There were good numbers of other gulls as well. I counted at least 50 Great Black-backed Gulls, 3 Lesser Black-backed Gulls along with 100’s of Ring-billed and Herring Gulls. A small group of A. Coot and 2 Common Mergansers boosted the diversity a tad.

The only other exciting news was the report of an Ash-throated Flycatcher in Lititz, PA. If I can manage to find this bird tomorrow it will be a life bird!

Strike on shrike

I have a brand new miss for my list. There was a Northern Shrike reported around the same area as that mystery empid (probably Least Flycatcher) during the Solanco CBC. It was in an easy to locate area and close to my girlfriends house so I decided to give it a shot today. There was at least one other birder on location trying to find the shrike but we both came up empty handed. My ability to show up after a bird has disappeared continues to amaze and frustrate me.


Here is a picture of the N. Shrike taken by one of the guys who found it. I have seen shrikes on various occasions but I am still looking for one in Pennsylvania. Seems like it has been a good year for them with several being reported across the state so maybe I will find one yet.

and I missed the Thayer’s Gull

Missed another good bird yesterday. There was a Thayer’s Gull reported at Memorial Lake State Park along with a first cycle Iceland Gull. Both are good for the area with Thayer’s being especially hard to find this far east. It was a second cycle bird that had been seen at least several nights coming in to roost. Due to the holiday schedule with UPS, I only had time in the morning so I thought I would give it a chance. I got there at dawn in order to scan the gull flock before it took off for the day. Great Black-backed Gulls and Lesser Black-backed Gulls were there in good numbers among the Herring and Ring-billed Gulls but nothing else. I had dipped on what I thought was almost a sure thing.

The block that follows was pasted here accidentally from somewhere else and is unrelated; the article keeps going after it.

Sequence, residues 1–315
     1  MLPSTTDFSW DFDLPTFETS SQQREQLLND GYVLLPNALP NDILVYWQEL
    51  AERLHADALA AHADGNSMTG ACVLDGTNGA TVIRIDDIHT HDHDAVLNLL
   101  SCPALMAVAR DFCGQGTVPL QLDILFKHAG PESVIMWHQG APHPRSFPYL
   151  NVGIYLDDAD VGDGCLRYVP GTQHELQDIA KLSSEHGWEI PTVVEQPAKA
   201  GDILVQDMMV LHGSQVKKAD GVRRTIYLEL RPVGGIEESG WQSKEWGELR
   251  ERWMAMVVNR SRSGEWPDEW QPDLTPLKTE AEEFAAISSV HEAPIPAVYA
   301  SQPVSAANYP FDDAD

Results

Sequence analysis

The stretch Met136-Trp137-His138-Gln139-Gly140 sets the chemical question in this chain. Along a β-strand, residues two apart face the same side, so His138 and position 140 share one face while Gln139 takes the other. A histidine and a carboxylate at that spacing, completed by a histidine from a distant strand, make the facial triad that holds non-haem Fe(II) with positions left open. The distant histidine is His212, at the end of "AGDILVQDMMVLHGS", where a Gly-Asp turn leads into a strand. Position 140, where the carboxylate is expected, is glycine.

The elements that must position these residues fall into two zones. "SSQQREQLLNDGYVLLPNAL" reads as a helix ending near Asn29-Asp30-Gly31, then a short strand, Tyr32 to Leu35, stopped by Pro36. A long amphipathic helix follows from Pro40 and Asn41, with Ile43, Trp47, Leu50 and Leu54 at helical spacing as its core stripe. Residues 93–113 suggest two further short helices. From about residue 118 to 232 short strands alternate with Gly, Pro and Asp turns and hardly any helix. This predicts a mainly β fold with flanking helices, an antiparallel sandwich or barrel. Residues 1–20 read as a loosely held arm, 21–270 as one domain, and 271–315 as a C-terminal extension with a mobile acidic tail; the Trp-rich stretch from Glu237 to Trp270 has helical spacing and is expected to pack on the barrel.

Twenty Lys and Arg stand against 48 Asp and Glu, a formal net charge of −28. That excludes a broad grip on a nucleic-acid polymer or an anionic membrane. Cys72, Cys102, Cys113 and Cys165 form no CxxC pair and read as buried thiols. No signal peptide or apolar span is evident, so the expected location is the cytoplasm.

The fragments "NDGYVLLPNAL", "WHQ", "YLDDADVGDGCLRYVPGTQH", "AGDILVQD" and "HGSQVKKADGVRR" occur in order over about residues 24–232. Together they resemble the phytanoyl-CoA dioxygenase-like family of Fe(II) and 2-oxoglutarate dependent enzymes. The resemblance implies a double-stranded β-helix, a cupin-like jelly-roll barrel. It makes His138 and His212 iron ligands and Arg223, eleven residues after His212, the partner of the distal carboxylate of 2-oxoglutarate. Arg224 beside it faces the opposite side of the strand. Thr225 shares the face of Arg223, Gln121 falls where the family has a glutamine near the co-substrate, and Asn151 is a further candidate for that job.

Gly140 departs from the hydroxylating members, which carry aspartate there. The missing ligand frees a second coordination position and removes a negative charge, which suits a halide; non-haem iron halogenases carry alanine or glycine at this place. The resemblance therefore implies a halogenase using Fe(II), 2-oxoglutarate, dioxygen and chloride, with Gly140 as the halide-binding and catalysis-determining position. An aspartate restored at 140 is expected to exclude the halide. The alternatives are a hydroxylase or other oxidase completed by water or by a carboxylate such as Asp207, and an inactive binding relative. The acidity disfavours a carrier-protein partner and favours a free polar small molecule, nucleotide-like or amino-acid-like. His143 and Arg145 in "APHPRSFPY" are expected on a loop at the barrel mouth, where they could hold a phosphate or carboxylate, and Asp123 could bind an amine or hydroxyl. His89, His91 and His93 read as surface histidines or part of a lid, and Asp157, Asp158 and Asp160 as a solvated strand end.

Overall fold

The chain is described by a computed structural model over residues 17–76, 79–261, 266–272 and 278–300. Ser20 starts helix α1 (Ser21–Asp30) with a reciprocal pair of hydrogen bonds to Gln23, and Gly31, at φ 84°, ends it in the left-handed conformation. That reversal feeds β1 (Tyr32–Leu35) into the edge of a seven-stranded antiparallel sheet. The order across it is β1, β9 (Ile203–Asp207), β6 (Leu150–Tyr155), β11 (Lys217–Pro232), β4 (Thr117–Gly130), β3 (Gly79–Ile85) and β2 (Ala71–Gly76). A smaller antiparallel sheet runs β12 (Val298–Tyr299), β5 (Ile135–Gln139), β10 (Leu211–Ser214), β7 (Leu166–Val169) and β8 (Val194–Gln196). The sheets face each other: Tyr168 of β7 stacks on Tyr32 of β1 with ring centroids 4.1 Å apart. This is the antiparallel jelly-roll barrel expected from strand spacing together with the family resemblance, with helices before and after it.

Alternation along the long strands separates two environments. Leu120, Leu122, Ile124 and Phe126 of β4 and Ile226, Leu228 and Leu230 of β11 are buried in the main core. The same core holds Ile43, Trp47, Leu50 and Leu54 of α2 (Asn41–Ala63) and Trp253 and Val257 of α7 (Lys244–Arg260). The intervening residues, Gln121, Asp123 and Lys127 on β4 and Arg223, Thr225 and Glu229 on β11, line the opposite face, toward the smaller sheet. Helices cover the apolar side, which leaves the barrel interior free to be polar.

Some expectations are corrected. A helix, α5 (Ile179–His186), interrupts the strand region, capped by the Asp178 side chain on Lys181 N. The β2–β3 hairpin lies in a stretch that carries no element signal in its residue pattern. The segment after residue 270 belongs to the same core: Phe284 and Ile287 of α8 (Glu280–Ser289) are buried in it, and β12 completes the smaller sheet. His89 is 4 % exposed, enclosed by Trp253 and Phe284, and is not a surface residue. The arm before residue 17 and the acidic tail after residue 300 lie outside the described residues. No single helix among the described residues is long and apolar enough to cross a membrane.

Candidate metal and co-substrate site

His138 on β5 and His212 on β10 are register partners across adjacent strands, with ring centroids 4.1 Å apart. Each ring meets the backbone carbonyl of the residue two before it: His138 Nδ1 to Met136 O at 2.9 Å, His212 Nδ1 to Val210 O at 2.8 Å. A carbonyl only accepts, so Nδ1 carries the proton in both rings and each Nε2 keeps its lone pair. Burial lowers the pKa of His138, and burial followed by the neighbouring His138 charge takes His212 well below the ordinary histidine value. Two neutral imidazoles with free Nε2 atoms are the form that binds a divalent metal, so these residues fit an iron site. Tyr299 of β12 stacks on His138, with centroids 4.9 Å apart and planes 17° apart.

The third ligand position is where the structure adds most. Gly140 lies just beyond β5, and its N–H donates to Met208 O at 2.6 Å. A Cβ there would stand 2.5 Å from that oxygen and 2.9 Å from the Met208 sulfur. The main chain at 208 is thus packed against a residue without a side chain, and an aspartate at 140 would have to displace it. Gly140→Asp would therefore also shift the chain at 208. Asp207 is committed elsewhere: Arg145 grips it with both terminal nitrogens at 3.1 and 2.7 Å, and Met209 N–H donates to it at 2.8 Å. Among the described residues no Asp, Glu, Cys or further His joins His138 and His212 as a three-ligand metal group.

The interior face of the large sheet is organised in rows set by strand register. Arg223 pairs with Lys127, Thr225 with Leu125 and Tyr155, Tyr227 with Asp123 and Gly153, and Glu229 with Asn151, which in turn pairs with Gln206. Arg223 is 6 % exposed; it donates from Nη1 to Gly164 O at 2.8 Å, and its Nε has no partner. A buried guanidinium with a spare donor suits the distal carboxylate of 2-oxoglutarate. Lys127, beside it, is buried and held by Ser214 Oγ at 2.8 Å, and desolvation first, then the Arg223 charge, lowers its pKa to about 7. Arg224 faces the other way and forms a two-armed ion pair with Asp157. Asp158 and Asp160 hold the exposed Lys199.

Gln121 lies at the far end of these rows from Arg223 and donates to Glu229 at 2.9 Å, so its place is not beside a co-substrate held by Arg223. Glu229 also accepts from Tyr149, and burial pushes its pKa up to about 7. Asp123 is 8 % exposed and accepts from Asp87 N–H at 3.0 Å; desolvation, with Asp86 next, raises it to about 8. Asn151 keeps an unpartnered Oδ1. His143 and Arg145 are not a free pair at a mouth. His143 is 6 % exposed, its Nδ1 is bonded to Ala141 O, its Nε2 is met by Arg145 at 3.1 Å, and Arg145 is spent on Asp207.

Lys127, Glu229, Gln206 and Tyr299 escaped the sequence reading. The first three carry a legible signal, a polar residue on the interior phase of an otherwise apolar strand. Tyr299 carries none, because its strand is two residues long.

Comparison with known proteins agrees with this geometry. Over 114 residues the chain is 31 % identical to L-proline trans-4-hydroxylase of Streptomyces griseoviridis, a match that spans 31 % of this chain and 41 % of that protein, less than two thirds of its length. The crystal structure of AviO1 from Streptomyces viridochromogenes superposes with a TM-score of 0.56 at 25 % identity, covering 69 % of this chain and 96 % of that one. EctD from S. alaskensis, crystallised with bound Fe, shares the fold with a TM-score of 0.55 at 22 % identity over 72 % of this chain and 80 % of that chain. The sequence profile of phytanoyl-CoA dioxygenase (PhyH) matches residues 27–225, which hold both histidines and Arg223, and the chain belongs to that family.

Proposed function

Here is a shot showing the Thayer’s Gull. For more pictures and analysis go to Tom Johnson’s web gallery. The above picture was taken by Tom.

What is luck?

Well, first of all let’s look at my luck so far. There was a Rufous Hummingbird only 15 minutes from my house for over 3 weeks. As luck would have it I was busy working at Hawk Mountain Sanctuary and did not have time to chase this bird. When the season was over I went home and the (almost) first thing I did was head to the house where the Rufous had been seen daily. Every 15 minutes most mornings to be exact. Well, after 2 hours I realized that I was one day too late, the hummingbird had waited to make its last appearance when I could not make it. So that is my most recent dip.

Then there is the Fork-tailed Flycatcher that was in Bucks County, Pennsylvania earlier this year. I managed, once again to go the day after the last day it was seen. I spent about 7 hours there waiting and looking before I went home. The next day there was a rumor that it had been seen again so I drove the hour once again, only this time I got to stand in the drenching rain for several hours and be interviewed about why I was crazy enough to be there. And I struck out on this one too.

Then there was the Saw-whet Owl, the Varied Thrush and Townsend’s Solitaire’s that I kept missing at Indiana Dunes State Park. The list goes on with the reported Northern Hawk Owl and Black-backed Woodpeckers in Glacier National Park, Montana. I am starting to wonder if the birds have something against me.